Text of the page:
Shotley Bridge

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Shotley Bridge
Shotley Bridge is located in County Durham
Shotley Bridge
Shotley Bridge
 Shotley Bridge shown within County Durham
Population 27,394 (2001) [3]
OS grid reference NZ108511
Unitary authority County Durham
Ceremonial county County Durham
Region North East
Country England
Sovereign state United Kingdom
Post town CONSETT
Postcode district DH8
Dialling code 01207
Police Durham
Fire County Durham and Darlington
Ambulance North East
EU Parliament North East England
UK Parliament North West Durham
List of places
UK
England
County Durham

Coordinates: 54°52′N 1°52′W / 54.87°N 1.86°W / 54.87; -1.86

Shotley Bridge is a village in the Derwent Valley, adjoining the town of Consett in County Durham, England. Shotley Bridge was once the heart of Britain's swordmaking industry.

The origins of swordmaking here dated from 1691. A group of Lutheran swordmakers from Solingen in Germany settled in Shotley Bridge, allegedly in order to escape religious persecution, though in practice their departure was prompted by their breaking of guild oaths[citation needed]. Shotley Bridge was probably chosen because of the rich iron deposits in the area and because of the fast flowing waters of the River Derwent, providing hydraulic power for hammers and grinders. Another factor may have been the remoteness of the area, as the swordmakers were keen to preserve their trade secrets, those that they had illegally taken with them from Germany. The swordmakers were able to employ the services of the famous local engraver Thomas Bewick. Swords are no longer made in the Shotley Bridge district. Before the last remaining cottages occupied by the swordmakers were torn down, there was an inscription over the door of one reading "Das Herren segen machet reich ohn alle Sorg wenn Du zugleich in deinem Stand treu und fleissig bist und tuest alle vas die befolen ist". This is from the Lutheran belief code and means that God's benefits will be given without reserve to those who stand firm in their belief no matter what happens.

Today, the village is best known for the local hospital, which was a major centre for medical care in North East England until the opening of the University Hospital of North Durham in 2001, when its size and services were scaled back. Parts of the hospital are now disused and are in the process of being demolished. The majority of the hospital was demolished by 2005 and the land stood vacant for some time before being purchased by Storey Homes in 2010. Building work started in December 2011 on the 240 property development which will carried out over 7 years. The village has grown in recent years to accommodate a growing population, with new housing estates by the river Derwent, around the old hospital site and on Queen's Road under construction. Old mill buildings by the river are being converted into housing.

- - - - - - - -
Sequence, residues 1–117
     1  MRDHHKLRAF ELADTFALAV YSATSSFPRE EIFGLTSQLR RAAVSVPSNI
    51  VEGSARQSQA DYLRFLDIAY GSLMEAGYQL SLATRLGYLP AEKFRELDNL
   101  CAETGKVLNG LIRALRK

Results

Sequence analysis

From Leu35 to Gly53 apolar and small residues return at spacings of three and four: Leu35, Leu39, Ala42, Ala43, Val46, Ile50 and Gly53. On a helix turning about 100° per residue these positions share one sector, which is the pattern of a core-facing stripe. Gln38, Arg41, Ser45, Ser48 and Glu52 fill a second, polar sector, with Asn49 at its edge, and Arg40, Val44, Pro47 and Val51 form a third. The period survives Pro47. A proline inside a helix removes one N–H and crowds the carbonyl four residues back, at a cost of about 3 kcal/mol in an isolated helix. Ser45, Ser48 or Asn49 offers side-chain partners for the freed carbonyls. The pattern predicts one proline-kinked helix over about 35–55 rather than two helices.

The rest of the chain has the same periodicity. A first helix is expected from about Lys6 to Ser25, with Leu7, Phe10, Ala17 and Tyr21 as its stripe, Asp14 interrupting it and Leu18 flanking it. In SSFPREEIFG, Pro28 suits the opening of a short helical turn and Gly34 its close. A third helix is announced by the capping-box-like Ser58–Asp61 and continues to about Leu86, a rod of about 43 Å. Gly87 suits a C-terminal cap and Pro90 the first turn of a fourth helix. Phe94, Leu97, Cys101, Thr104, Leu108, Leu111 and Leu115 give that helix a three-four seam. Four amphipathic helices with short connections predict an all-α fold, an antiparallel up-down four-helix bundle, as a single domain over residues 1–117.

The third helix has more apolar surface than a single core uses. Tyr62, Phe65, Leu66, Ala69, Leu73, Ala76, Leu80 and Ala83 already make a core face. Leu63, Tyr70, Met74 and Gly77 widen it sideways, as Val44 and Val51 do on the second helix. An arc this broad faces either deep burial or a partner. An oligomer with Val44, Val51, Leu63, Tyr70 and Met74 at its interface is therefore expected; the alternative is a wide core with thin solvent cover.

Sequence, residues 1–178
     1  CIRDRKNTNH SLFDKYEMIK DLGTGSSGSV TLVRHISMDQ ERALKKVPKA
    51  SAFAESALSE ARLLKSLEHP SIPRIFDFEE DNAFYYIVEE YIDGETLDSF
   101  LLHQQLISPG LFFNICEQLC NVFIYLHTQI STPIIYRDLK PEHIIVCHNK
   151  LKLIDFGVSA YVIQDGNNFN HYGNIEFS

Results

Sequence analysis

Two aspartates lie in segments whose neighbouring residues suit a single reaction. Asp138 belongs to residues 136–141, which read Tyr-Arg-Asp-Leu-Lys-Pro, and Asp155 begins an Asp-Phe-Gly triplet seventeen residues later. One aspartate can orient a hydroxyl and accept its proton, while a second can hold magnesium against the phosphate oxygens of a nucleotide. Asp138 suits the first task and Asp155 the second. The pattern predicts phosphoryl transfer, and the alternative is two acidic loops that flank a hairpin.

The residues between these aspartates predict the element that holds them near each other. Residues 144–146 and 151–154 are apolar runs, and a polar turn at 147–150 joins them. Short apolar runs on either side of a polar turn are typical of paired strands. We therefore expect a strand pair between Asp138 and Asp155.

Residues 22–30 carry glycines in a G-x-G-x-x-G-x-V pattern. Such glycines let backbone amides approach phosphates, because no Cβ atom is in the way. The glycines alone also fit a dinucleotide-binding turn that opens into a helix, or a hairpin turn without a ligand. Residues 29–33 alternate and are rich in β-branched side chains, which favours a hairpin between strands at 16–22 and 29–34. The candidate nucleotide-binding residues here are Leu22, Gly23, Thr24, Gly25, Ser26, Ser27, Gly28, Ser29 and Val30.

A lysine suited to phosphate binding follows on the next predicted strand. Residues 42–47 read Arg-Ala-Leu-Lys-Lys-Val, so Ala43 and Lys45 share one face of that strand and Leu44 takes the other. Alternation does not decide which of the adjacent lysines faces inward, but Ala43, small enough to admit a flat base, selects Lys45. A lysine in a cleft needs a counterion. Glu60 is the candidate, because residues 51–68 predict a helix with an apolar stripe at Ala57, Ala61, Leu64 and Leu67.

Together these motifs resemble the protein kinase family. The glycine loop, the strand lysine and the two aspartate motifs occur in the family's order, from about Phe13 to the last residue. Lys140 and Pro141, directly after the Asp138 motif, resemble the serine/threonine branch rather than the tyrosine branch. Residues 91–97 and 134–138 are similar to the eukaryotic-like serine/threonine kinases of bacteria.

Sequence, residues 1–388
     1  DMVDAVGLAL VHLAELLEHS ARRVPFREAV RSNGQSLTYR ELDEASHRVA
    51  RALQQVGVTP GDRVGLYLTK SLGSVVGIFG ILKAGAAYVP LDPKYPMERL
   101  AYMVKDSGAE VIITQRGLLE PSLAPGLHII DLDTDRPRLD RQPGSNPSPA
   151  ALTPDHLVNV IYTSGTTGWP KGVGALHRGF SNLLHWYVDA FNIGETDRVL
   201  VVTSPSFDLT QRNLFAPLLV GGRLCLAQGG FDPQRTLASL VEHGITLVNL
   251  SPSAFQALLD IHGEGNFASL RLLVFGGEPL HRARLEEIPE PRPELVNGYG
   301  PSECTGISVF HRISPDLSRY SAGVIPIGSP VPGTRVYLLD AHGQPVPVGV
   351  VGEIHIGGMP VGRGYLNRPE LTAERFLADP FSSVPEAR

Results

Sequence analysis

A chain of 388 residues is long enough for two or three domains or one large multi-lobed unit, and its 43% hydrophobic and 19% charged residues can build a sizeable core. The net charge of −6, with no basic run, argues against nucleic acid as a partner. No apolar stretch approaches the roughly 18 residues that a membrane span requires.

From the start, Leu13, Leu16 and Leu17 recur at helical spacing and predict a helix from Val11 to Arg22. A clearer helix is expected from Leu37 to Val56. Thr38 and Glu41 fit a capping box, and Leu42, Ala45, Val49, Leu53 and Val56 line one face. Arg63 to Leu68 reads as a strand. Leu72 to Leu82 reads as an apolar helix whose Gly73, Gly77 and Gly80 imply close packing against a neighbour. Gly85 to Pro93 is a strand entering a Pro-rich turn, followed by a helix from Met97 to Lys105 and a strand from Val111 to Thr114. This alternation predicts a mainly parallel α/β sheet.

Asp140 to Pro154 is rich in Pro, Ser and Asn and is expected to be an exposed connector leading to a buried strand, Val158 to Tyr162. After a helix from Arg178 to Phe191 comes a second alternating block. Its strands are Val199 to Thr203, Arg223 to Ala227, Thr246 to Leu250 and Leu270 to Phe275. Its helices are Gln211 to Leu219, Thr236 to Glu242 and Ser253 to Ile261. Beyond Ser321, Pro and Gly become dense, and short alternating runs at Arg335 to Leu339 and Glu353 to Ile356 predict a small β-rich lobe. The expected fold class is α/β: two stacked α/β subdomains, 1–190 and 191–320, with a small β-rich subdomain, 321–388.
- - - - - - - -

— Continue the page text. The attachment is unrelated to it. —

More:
Notable buildings include the Gothic town hall, St Cuthbert's Church,[1] designed by John Dobson, and many pretty sandstone cottages. The village is set in very attractive countryside, surrounded by woodland. Shotley is believed to be a corruption of Scotley and is thought to mean the ley, or woodland clearing of a Scotsman[2] or clearing where pigeons are to be found. The name Derwent comes from Brythonic/Old Welsh and means "oak river".

England Test cricketer Paul Collingwood played for Shotley Bridge Cricket Club in his youth.[3] Professional footballer Ben Clark was also born in Shotley Bridge as was England Rugby Union international Mathew Tait.

Amenities[edit]

The village centre has a number of small businesses including the Crown and Crossed Swords pub which has a traditional bar with open fires as well as a more formal dining area. The linoleum floor covering in the bar of the Crown and Crossed Swords is of national importance and the remaining fragments are thought to date to the early 1790's. There is a large Italian restaurant Sale Pepe, which offers pizza and pasta dishes. A bridal store and photography studio are also situated on the front street of Shotley Bridge.

It is possible to walk along the river banks in a circular route; with the option of crossing over at one of several small foot bridges.

References[edit]

  1. ^ [1]
  2. ^ [2]
  3. ^ Brown, Alex (2006-12-03). "Double ton has family rejoicing ... after a nap". Sydney Morning Herald online edition. Retrieved 2006-12-02. 

External links[edit]

Media related to Shotley Bridge at Wikimedia Commons